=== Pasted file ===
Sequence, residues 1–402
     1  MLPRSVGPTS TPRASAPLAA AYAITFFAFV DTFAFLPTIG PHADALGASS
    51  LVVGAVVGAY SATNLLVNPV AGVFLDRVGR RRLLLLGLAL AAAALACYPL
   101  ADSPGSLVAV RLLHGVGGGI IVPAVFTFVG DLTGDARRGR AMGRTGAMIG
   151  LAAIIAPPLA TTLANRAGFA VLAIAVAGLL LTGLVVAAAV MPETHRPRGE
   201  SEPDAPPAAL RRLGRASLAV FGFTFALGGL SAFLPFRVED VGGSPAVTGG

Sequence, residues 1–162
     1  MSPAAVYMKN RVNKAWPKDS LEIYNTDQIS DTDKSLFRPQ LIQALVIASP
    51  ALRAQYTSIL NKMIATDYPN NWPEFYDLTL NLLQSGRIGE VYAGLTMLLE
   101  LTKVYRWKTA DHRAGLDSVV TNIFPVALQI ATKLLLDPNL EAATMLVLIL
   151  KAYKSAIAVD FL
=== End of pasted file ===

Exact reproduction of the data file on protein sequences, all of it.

Sequence, residues 1–402
     1  MLPRSVGPTS TPRASAPLAA AYAITFFAFV DTFAFLPTIG PHADALGASS
    51  LVVGAVVGAY SATNLLVNPV AGVFLDRVGR RRLLLLGLAL AAAALACYPL
   101  ADSPGSLVAV RLLHGVGGGI IVPAVFTFVG DLTGDARRGR AMGRTGAMIG
   151  LAAIIAPPLA TTLANRAGFA VLAIAVAGLL LTGLVVAAAV MPETHRPRGE
   201  SEPDAPPAAL RRLGRASLAV FGFTFALGGL SAFLPFRVED VGGSPAVTGG

Sequence, residues 1–162
     1  MSPAAVYMKN RVNKAWPKDS LEIYNTDQIS DTDKSLFRPQ LIQALVIASP
    51  ALRAQYTSIL NKMIATDYPN NWPEFYDLTL NLLQSGRIGE VYAGLTMLLE
   101  LTKVYRWKTA DHRAGLDSVV TNIFPVALQI ATKLLLDPNL EAATMLVLIL
   151  KAYKSAIAVD FL